Metamorphosis (Opera Australia)

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Michael Halliwell Thursday, 27 September 2018
Published in ABR Arts

'When Gregor Samsa woke up one morning from unsettling dreams, he found himself changed in his bed into a monstrous vermin.’ It is surely one of the most celebrated, and arresting, opening lines in all literature – very ‘Kafkaesque’, in fact! It was just a matter of time before The Metamorphosis (Die Verwandlung), this profoundly unsettling novella by Franz Kafka, found its way into dramatic form, and it has been adapted into a variety of genres, including spoken theatre, ballet, film, and, of course, opera. One of the best-known of all the theatrical adaptations is by Steven Berkoff, maverick British actor, director, playwright, and all-round theatre man.

Irene Shaland suggests that the ‘whole art of Kafka persists in forcing us to reread him. If he ever suggests any explanations, they are not revealed in clear language, thus they require that the work be reread from another point of view.’ Berkoff’s Metamorphosis proves a point in doing this, if only in order to gain the courage for taking another look at, as Kafka puts it, ‘the horror of life – the terror of art’. Berkoff has maintained that ‘we make theatre as if there had never been theatre before’. The success of his adaptation has certainly made Kafka’s story available to a range of audiences, providing a different form of access to the work; operatic versions provide yet another perspective on this great literary work.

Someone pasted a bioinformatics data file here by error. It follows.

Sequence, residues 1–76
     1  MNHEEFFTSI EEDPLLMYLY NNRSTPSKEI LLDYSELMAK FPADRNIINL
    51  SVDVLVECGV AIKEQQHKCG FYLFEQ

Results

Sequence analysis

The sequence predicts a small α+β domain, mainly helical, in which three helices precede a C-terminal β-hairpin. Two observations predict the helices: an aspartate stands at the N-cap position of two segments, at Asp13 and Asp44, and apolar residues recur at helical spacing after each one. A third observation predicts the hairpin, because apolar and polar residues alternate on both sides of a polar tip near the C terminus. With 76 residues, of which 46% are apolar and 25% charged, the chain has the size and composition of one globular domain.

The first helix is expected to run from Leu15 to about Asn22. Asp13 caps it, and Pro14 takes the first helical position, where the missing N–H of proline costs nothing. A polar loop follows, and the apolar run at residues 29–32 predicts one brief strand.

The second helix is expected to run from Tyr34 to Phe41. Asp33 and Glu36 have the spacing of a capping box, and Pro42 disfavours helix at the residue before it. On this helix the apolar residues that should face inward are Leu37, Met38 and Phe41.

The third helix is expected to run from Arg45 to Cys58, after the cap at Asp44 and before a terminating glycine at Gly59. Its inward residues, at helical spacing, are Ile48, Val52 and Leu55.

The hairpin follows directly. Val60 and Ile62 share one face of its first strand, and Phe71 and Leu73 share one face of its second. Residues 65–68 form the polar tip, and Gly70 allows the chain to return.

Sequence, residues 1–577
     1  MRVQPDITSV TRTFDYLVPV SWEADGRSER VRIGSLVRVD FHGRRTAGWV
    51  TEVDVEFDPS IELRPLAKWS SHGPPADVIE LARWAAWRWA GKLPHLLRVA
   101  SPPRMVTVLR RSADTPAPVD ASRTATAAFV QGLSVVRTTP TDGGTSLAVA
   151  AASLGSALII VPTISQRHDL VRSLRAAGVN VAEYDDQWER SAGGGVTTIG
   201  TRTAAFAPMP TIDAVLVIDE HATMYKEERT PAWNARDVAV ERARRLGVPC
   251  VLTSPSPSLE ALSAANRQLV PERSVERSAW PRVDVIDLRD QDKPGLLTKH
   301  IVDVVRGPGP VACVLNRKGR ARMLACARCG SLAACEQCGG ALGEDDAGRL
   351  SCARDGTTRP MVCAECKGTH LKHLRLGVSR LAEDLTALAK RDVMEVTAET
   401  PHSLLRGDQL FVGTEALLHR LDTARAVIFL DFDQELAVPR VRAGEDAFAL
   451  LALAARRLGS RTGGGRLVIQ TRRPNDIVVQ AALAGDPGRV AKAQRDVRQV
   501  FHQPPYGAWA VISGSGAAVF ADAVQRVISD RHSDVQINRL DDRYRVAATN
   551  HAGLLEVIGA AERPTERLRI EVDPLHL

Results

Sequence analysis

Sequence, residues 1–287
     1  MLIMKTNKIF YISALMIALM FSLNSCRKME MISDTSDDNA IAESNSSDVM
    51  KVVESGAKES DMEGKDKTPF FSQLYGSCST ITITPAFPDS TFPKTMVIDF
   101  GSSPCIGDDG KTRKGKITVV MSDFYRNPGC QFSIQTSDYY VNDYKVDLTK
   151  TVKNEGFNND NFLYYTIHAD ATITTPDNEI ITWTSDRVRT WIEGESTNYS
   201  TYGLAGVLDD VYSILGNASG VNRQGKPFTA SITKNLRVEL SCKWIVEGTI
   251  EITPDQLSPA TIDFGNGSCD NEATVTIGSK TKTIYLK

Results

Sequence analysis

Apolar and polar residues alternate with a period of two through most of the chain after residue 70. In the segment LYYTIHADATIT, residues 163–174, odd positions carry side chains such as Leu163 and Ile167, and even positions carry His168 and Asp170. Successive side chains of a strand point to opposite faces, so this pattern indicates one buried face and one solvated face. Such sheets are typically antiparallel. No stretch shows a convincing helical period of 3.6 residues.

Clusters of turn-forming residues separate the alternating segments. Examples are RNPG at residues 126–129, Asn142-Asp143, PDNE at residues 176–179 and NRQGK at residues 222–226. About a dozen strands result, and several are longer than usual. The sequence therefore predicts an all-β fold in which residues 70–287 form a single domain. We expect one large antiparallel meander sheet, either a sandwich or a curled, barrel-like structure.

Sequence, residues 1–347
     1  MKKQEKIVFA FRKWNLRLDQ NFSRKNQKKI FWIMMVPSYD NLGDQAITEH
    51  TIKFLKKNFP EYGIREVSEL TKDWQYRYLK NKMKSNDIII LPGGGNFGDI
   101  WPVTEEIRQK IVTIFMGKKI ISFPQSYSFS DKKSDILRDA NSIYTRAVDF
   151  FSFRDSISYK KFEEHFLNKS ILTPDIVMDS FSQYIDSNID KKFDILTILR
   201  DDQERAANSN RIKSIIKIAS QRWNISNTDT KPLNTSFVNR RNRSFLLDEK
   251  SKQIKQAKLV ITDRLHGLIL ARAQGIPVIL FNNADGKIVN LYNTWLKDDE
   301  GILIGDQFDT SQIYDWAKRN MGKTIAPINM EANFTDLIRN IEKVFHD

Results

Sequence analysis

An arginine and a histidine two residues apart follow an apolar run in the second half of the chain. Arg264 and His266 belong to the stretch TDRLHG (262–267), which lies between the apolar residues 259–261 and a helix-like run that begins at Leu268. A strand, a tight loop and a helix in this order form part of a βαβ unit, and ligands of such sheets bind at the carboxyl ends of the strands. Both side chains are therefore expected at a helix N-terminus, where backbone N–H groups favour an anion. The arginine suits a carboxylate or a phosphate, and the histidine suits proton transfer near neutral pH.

Opera is an irrational art form, as has been pointed out by many commentators and in many different contexts. What is more irrational than people singing at each other? Kafka and opera should have a lot in common, with Kafka’s work being renowned for its surreal and often absurdist qualities. Yet there are surprisingly few effective operas based on his fiction. Works drawing on Kafka by well-known contemporary composers include Aribert Reimann’s version of The Castle (Das Schloß) of 1992, and Philip Glass’s In the Penal Colony (2000). Reimann, as an opera composer, is best known for his searing adaptation of Shakespeare’s King Lear, written for Dietrich Fischer-Dieskau in the title role, but his Kafka opera was very successful; his version of Strindberg’s The Ghost Sonata will be performed in the same venues by Opera Australia in Sydney and Melbourne in 2019.

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Published in ABR Arts
Michael Halliwell

Michael Halliwell

Michael Halliwell studied literature and music at the University of the Witwatersrand in Johannesburg, at the London Opera Centre, and with Tito Gobbi in Florence. He has sung in Europe, North America, South Africa and Australia and was principal baritone for many years with the Netherlands Opera, the Nürnberg Municipal Opera, and the Hamburg State Opera singing over fifty major operatic roles, including several world premiere productions. He has served as Chair of Vocal Studies and Opera, Pro-Dean and Head of School, and Associate Dean (Research) at the Sydney Conservatorium. He is President of the International Association for Word and Music Studies. His publications include the monographs, Opera and the Novel (Rodopi: 2005); and National Identity on Contemporary Australian Opera: myths reconsidered (Routledge, 2018), as well as many chapters and articles. He still performs regularly and recent CDs include When the Empire Calls (ABC Classics, 2005); O for a Muse of Fire: Australian Shakespeare Settings (Vox Australis, 2013); Amy Woodforde-Finden: The Oriental Song-Cycles (Toccata Classics, 2014); That Bloody Game; Australian WWI Songs (Wirripang, 2015).

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